Global Energy Crisis |rlearn

Cause, Effects And Solutions To Global Energy Crisis :

Power crises can be caused by a number of factors: organized labor strikes, government bans, overuse, aging infrastructure, and disruption of manufacturing facilities and port facilities. Power supply may be slightly disrupted due to pipeline failure and other accidents. A crisis is likely to erupt after damage to infrastructure due to severe weather.

Attacks by terrorists on critical infrastructure are a potential problem for fuel consumers: a successful strike on West Asian facilities could potentially lead to global shortages. Political events  changes of government due to regime change, the fall of the monarchy, military occupation or coups-can disrupt oil and gas production and create shortages.

Globally, economies have become increasingly dependent on oil consumption. Even a slight change in price, or a temporary cessation of oil production or supply, could lead to a major upheaval in the economy.

In October 1973, the Organization of the Petroleum Exporting Countries (OPEC) raised oil prices from 1.5 1.5 a barrel to 7 7 a barrel. The reasons given were that oil prices were not consistent with the rise in prices of other commodities and that countries wanted to maximize profits while having limited reserves. The 1979 Iranian revolution disrupted oil supplies.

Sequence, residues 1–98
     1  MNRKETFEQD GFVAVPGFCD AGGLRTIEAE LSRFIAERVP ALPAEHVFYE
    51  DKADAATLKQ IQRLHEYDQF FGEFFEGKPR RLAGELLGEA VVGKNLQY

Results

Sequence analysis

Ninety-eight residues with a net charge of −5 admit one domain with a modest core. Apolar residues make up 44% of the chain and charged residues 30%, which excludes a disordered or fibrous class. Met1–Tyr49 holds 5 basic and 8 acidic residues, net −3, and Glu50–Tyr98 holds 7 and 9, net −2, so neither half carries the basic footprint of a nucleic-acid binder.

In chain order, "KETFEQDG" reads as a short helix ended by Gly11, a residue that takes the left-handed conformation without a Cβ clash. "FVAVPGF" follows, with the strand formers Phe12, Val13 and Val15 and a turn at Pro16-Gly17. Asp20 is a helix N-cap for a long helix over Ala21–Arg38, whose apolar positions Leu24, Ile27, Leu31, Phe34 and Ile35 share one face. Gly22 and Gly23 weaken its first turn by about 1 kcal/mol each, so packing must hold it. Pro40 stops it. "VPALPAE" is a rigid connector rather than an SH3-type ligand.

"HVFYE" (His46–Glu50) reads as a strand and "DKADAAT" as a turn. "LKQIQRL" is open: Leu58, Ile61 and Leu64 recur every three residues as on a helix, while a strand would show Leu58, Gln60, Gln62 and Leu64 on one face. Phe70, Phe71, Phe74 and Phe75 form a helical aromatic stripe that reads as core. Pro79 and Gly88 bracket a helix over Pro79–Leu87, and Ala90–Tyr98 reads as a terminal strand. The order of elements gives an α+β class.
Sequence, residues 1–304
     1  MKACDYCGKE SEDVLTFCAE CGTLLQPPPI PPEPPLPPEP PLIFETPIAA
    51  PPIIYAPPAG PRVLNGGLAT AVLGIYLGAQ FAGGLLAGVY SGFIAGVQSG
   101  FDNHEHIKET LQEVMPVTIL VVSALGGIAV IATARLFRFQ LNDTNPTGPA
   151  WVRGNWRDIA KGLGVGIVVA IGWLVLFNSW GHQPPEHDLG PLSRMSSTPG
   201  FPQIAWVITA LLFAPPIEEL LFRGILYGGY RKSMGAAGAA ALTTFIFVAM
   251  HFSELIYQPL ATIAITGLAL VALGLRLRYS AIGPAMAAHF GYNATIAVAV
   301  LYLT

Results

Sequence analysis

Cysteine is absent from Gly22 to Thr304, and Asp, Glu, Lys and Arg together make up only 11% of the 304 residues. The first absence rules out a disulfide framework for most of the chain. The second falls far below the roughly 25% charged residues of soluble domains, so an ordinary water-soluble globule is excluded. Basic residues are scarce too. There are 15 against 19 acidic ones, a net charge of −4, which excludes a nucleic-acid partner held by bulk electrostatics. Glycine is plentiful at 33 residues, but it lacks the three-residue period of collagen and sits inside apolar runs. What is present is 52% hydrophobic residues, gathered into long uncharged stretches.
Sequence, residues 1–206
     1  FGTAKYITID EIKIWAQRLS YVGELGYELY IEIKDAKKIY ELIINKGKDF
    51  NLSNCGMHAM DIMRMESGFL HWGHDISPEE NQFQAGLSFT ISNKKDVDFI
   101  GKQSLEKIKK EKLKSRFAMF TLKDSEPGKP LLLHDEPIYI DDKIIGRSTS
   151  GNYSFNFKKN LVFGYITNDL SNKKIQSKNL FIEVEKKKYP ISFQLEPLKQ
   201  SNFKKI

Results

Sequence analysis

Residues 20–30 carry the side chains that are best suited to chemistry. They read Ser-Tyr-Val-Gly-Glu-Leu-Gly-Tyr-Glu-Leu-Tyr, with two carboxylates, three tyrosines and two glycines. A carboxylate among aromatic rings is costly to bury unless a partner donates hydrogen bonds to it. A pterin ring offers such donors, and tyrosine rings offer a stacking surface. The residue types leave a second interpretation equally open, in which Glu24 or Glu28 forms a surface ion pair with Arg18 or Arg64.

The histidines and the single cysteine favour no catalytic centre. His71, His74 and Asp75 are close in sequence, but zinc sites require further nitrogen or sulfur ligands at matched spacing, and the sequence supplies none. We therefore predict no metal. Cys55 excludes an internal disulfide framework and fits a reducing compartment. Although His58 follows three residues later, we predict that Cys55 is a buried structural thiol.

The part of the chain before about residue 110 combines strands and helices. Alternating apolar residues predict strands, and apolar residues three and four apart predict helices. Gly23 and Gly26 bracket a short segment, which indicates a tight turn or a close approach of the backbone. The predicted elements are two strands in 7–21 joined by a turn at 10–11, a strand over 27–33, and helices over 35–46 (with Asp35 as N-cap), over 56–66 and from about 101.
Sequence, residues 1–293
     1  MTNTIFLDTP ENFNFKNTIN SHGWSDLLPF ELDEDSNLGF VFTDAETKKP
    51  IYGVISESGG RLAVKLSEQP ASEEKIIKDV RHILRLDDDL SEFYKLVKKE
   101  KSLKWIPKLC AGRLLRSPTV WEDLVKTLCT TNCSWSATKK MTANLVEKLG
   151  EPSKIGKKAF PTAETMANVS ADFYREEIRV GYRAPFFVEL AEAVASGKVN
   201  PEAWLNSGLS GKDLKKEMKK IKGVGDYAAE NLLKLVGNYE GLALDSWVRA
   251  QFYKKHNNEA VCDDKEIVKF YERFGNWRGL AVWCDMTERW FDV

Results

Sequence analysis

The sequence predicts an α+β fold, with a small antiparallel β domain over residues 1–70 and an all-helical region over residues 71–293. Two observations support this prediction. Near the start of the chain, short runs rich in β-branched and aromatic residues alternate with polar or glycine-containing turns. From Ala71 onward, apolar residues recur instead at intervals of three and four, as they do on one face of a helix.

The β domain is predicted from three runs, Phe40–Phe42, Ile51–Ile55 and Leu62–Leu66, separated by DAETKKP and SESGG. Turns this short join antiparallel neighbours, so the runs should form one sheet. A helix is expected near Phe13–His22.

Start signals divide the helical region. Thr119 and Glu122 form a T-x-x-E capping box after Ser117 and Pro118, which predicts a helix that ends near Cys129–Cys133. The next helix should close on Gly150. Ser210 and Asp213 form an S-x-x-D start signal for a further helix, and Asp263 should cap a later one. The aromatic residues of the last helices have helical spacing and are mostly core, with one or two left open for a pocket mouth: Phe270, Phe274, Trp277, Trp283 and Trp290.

The price per barrel rise to 24 in 1979 and 34 in 1981 before stabilizing near 20. Due to growth, the global economy was hit. The worst affected were developing countries which did not have adequate foreign exchange reserves for oil imports. In the ensuing economic crisis, higher wages were demanded and the cost of living increased.

Again in 1990, the Gulf War caused oil prices to rise as well as difficulty meeting demand.

The crises of 1973 and 1979 forced the world community to develop oil-use technologies, develop alternative sources and develop domestic potential (e.g. in India). Efforts were made worldwide to improve the internal combustion engine for improved efficiency and mileage.

Since 2003, oil prices have risen due to continued global demand growth and stagnation in production.

In 2008, Central Asia experienced an energy crisis due to unusually cold temperatures and low water levels in hydropower-dependent regions. Despite having significant hydrocarbon reserves, in February 2008, the President of Pakistan announced a plan to address the energy deficit which had reached a crisis stage. At the same time, the South African president was calming fears of a prolonged power crisis in South Africa. The South African crisis, which could last until 2012, led to a sharp rise in the price of platinum in February 2008 and reduced gold production.

China experienced severe energy shortages again in late 2005 and early 2008. During the subsequent crisis, it suffered severe losses – for power networks with diesel and coal shortages.

It is predicted that the UK will suffer a power crisis in the years following 2009 due to its promise to reduce coal-fired power plants, due to the reluctance of its politicians to set up new nuclear power plants that will be de-commissioned. Within a few years (although they won’t be in time to stop a full blown crisis) and unreliable sources and sources that run out of oil and gas.